Halloween Light Giveaway Encourages Safe Cycling
Bike Walk RVA and VCU RamBikes are teaming up for a 'Trick or Treat' event to provide bike lights for cyclists along Floyd Avenue.
By: Ali Crissman
What happens when Bike Walk RVA and VCU RamBikes come together to put on a Halloween event? It means safer cyclists on the streets of Richmond, of course.
On Thursday, October 31st from 5:30 p.m. to 7:30 p.m., Bike Walk RVA, a program of the Sports Backers, and VCU RamBikes will be holding a trick-or-treat bike light giveaway on Floyd Avenue in Richmond. Representatives from the two organizations will be stationed in the Fan near the intersection of Floyd and Morris Street and in the Museum District near the intersection of Floyd and Belmont Avenue.
“We’ve heard recently from concerned residents that cyclists riding without lights on Floyd Avenue is a major problem for them, and it’s working against our efforts to make Floyd Avenue into a great ‘bike/walk street',” said Max Hepp-Buchanan, director of Bike Walk RVA. “The first thing we thought of to address the issue was to get a bunch of bike lights and partner with VCU RamBikes to give them out.”
During the event, tables stocked with free front and rear bike light sets, cyclist safety information, and candy will be set up at each participating end of Floyd Avenue. Anyone riding on Floyd Avenue without bike lights will be handed a set of the free lights in an effort to make cyclists in the area more visible, and to engage them in a dialogue about cyclist safety and traffic laws. In addition to the bike lights, the cyclists will also be given a postcard with safety information, including the fines and penalties for breaking certain traffic laws.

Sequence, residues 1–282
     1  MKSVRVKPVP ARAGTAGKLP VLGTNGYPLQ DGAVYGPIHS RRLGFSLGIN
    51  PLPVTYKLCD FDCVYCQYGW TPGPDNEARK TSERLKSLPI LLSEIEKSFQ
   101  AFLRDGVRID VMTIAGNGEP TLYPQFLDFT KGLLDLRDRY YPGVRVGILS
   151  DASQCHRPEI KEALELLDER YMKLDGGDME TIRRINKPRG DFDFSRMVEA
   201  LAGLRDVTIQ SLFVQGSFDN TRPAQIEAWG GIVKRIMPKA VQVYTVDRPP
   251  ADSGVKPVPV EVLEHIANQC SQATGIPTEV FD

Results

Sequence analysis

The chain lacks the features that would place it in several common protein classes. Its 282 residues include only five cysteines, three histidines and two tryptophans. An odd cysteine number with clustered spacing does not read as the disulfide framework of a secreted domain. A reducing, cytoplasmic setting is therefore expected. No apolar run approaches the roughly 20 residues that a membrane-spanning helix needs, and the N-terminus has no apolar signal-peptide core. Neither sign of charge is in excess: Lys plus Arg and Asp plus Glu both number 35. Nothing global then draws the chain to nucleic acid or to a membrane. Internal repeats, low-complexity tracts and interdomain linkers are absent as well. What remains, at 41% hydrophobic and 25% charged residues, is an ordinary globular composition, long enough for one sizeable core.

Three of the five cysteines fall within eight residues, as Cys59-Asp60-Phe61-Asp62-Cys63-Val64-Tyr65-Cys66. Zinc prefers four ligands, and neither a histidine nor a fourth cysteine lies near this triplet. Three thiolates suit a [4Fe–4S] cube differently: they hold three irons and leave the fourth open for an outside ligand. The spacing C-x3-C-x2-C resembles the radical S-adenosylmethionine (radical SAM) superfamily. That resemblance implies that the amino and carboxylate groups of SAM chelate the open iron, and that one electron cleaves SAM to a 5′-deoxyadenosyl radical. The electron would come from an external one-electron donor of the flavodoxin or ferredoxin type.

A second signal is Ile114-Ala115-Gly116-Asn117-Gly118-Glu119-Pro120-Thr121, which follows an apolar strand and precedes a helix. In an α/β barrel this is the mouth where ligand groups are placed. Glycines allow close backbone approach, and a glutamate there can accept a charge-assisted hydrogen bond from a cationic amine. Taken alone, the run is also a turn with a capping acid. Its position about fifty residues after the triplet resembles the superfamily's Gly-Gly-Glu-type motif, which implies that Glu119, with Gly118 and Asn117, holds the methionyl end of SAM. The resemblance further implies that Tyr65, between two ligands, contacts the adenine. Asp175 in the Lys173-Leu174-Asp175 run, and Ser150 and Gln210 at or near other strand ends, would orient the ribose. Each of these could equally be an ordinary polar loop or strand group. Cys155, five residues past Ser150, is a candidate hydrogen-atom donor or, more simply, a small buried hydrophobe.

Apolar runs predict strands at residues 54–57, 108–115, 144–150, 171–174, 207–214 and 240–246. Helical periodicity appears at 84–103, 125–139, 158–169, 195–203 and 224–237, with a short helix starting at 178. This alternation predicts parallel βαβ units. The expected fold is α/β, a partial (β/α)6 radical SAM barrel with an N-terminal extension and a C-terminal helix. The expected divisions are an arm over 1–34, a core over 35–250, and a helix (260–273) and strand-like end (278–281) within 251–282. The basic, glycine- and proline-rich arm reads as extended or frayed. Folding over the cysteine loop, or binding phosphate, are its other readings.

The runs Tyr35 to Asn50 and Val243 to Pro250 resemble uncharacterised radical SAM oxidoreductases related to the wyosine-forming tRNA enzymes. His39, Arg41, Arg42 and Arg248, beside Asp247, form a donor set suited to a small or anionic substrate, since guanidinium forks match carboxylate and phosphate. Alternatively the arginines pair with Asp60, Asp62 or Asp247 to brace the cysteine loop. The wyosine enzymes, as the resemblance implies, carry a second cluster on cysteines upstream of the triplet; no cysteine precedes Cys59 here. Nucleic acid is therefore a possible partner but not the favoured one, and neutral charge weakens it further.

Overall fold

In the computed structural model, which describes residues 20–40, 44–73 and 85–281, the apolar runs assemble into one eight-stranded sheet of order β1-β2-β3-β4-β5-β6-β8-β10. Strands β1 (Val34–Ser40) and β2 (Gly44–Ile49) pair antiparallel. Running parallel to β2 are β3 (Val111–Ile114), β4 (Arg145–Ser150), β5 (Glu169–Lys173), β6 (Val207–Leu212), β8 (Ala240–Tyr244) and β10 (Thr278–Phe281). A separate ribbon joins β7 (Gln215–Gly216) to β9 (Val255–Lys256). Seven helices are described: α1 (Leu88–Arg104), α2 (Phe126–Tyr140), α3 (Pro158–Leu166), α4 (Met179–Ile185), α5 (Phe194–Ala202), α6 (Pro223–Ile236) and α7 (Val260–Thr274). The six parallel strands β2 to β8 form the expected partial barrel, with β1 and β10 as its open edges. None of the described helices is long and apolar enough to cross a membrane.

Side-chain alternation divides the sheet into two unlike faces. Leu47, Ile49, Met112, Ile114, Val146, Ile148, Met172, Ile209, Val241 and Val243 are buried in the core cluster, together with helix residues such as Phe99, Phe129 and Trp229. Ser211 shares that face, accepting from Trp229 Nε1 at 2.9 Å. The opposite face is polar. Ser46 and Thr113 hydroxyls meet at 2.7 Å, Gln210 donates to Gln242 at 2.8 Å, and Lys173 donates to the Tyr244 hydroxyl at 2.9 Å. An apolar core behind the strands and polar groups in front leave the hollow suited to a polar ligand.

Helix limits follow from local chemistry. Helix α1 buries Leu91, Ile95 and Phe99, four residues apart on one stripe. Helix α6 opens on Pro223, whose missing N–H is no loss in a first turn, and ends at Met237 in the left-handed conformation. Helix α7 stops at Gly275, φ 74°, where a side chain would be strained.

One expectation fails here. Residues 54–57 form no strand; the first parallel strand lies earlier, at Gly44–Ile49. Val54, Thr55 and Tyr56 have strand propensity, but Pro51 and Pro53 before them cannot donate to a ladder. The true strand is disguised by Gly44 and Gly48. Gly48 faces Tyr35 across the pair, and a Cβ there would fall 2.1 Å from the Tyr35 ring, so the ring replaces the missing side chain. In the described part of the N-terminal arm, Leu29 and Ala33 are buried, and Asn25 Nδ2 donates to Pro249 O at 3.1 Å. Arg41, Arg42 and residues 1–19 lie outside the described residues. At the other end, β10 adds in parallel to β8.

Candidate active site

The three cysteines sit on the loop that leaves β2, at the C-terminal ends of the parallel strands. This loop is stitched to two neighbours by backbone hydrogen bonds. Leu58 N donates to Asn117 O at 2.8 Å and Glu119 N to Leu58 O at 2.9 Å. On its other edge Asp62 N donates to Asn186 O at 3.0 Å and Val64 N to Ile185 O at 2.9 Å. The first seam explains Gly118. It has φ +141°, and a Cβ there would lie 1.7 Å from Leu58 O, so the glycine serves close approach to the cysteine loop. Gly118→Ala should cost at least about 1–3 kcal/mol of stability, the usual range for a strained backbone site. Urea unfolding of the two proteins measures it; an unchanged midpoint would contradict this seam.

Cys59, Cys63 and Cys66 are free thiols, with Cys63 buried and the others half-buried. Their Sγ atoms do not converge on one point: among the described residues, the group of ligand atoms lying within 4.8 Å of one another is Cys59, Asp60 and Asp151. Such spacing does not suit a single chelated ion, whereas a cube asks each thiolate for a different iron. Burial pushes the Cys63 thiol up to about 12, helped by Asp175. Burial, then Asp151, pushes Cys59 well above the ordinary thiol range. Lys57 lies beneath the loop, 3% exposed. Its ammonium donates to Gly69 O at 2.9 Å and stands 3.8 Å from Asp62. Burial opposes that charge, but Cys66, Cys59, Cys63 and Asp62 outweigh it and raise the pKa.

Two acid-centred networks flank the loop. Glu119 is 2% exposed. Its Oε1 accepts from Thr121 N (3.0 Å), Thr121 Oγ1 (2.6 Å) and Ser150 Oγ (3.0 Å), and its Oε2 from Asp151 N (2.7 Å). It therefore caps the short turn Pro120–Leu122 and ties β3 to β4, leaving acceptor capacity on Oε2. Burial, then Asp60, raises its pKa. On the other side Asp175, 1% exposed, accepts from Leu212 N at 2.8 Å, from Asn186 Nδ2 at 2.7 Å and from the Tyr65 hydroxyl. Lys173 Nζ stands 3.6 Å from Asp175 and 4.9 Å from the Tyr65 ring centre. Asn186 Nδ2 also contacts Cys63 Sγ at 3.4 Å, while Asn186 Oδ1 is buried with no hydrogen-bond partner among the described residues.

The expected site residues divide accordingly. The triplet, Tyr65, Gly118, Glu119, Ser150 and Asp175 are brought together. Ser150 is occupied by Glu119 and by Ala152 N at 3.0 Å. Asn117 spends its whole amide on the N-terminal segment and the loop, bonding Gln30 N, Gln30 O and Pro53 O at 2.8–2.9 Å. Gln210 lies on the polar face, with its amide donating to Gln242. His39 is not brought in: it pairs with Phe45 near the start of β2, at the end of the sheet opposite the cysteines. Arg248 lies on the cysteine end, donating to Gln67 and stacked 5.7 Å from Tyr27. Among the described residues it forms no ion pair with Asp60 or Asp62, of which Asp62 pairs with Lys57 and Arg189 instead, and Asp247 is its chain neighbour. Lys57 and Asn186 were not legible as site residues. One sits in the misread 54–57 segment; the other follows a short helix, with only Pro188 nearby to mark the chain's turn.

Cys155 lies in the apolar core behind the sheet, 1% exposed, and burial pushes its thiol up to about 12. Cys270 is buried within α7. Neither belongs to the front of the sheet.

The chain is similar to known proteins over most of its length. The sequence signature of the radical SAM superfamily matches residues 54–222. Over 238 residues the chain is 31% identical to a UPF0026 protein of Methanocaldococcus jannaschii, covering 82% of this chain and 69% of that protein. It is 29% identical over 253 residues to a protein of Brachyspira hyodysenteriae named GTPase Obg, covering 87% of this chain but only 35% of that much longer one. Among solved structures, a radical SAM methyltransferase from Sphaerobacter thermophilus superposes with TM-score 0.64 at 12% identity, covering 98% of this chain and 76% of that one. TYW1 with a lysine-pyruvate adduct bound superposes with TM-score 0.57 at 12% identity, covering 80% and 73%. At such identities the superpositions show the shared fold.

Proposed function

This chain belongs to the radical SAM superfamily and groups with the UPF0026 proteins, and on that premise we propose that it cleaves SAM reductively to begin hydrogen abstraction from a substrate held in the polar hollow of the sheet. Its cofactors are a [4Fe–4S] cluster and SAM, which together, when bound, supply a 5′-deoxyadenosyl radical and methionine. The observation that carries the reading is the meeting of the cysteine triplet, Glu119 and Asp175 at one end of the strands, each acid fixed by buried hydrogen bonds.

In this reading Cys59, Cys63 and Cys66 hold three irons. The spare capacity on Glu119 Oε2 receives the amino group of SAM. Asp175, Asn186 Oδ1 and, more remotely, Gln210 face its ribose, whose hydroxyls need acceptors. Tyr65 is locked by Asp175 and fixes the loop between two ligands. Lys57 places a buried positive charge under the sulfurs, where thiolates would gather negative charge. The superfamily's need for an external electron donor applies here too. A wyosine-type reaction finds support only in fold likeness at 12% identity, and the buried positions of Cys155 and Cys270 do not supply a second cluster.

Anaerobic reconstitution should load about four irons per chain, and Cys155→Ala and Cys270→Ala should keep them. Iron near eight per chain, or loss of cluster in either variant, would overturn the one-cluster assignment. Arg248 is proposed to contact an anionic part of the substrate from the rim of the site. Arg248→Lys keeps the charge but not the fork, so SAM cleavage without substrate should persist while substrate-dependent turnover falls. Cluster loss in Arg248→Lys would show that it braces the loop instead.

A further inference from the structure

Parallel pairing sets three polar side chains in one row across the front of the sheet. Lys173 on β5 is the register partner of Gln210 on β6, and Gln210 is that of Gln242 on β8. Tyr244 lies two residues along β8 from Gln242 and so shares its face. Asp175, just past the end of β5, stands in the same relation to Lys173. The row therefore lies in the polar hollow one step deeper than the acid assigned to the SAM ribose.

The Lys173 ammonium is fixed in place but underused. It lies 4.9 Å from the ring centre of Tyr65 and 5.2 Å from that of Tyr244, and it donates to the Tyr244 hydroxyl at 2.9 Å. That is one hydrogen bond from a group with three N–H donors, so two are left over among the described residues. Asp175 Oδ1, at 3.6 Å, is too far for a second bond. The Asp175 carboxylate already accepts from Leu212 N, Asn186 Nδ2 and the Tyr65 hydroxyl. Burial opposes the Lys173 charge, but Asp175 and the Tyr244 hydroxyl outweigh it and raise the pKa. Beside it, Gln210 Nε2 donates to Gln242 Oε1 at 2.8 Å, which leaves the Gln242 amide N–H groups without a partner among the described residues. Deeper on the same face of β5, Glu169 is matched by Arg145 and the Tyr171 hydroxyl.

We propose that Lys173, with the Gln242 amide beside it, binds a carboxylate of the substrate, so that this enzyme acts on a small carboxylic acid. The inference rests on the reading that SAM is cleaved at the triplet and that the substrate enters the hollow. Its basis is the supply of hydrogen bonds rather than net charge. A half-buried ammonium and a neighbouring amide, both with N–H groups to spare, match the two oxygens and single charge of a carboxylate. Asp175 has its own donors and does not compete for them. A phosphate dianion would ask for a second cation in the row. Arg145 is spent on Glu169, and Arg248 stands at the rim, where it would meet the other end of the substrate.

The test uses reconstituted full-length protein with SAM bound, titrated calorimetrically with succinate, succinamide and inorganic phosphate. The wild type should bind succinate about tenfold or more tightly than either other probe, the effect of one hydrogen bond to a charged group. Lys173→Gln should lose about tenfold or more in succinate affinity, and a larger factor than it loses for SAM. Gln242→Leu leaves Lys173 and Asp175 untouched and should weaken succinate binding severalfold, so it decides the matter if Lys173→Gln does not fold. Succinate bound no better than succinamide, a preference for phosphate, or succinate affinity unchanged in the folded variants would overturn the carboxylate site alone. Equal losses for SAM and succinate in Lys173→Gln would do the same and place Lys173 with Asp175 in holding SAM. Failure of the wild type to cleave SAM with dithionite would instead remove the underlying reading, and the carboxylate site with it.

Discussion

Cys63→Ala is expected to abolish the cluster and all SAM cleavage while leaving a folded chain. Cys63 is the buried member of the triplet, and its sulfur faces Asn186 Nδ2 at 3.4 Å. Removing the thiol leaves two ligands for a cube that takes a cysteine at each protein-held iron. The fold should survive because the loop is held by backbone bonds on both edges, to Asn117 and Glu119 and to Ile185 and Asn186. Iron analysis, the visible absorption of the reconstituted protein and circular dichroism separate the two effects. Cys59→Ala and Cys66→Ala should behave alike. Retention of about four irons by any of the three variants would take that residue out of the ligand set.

Brantley Tyndall, Alternative Transportation Coordinator at VCU, stressed the importance of cyclists using bike lights.
“Using lights at night is critical to cyclists’ visibility, in addition to being a legal requirement,” he said. “VCU RamBikes was awarded a grant for lights and reflective leg bands from the Virginia Bicycle Federation to be distributed to riders on and around VCU campuses as an educational opportunity to show riders just how effective they are, and at such little cost.”
Hepp-Buchanan said this event is important for making the roads of Richmond accessible for all users.
“This is just one step in a long process of educating cyclists, drivers, and pedestrians about how to safely share our streets,” he said. “Plus, it’s getting dark earlier and the nights are longer, so fall is a great time to emphasize the importance of riding with lights.”
Both emphasized that the overall goal of the event is to increase light usage by cyclists riding in the dark.
“The hope is that light usage will increase among riders, making traffic interactions among cyclists, drivers, and pedestrians safer, more intuitive, and more orderly,” Tyndall said.
For more information about the event, contact Max Hepp-Buchanan, Bike Walk RVA director, at 804-285-9495 or at [email protected]